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Daily News Analysis 11-03-2016

S.NO.

NEWS ITEM

SYLLUBUS

ESSENCE OF THE ARTICLE

1.         

 

India may allow Pak to examine 26/11 witnesses (Page 13)

a)     I.R

a)     Continuing with its flexible policy on security cooperation with Pakistan, the government will consider it if Pakistan makes a request to cross-examine Indian witnesses in the 26/11 terror attacks case.

2.

We are short of aircraft to face wars: IAF (Page 13)

a)     I.R

a)     At a time when South Asia is seeing induction of advanced fighter aircraft in large numbers, a senior Air Force officer said that the current fighter strength of the country is inadequate to handle a two-front war.

3.

Suu Kyi ruled out as President, close aide nominated instead (Page 14)

a)     International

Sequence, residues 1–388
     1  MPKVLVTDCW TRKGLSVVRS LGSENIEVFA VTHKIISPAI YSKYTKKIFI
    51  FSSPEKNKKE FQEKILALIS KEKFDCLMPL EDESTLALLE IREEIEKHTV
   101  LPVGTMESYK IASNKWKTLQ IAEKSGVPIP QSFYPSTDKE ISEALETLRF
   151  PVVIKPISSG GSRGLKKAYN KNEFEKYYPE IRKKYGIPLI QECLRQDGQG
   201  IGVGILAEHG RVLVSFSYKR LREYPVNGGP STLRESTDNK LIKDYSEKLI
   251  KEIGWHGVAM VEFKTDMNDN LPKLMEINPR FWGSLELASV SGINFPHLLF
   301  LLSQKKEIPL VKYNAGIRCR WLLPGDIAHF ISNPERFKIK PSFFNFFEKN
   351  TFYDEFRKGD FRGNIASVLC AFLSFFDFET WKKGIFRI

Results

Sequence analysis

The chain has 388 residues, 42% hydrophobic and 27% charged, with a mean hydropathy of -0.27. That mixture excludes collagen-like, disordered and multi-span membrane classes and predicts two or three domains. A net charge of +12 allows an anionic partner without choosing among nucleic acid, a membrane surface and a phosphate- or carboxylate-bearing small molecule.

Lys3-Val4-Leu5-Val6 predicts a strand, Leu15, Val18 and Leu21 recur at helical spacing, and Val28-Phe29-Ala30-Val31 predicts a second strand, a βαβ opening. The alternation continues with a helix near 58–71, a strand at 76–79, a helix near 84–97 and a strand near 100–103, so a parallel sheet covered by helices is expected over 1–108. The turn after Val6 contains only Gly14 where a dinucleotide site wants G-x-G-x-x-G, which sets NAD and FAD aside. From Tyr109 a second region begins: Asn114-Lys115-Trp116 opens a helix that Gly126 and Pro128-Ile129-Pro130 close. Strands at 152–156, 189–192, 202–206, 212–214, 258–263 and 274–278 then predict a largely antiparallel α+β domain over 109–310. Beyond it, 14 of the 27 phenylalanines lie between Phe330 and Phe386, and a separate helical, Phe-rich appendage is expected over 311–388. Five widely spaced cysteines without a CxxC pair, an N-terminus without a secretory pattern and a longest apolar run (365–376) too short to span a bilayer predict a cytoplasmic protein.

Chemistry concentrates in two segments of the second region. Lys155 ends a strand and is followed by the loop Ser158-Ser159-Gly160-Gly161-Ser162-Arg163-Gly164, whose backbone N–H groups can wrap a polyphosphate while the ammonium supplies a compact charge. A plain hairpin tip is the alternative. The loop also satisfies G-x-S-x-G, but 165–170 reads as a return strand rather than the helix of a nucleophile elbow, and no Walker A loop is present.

a)     On March 10, Aung San Suu Kyi was finally ruled out of the running to become Myanmars next President, as her party nominated one of her most loyal aides to rule the formerly junta-run nation as her proxy.

4.

New deal for Sri Lankas plantation community (Page 14)

a)     International

a)     Acknowledging that social indicators of the one-million-strong plantation community in Sri Lanka are well below the national standards, the govt unveiled a five-year action plan, which seeks to improve the plight of the community in various sectors and envisages an investment of around $690 million.

5.

RS passes long-awaited Bill to protect homebuyers (Pages 1 and 12)

a)     National

b)     Polity

a)     The Rajya Sabha passed a landmark Real Estate Bill with a promise to secure the interests of homebuyers and developers in equal measure and remove corruption and inefficiency from the sector.

6.

Tussle continues over Aadhaar Bill (Page 12)

a)     National

b)     Polity

a)     The question of whether or not the Aadhaar Bill is a Money Bill continues to vex Parliament, with the Rajya Sabhas Business Advisory Committee meeting ending inconclusively after the Opposition demanded specific clauses of Article 110(1) of the Constitution that defines a Money Bill to be part of Speaker Sumitra Mahajans certification of it as such.

7.

Azaadi from a colonial rule book (Page 10)

a)     National

b)     Polity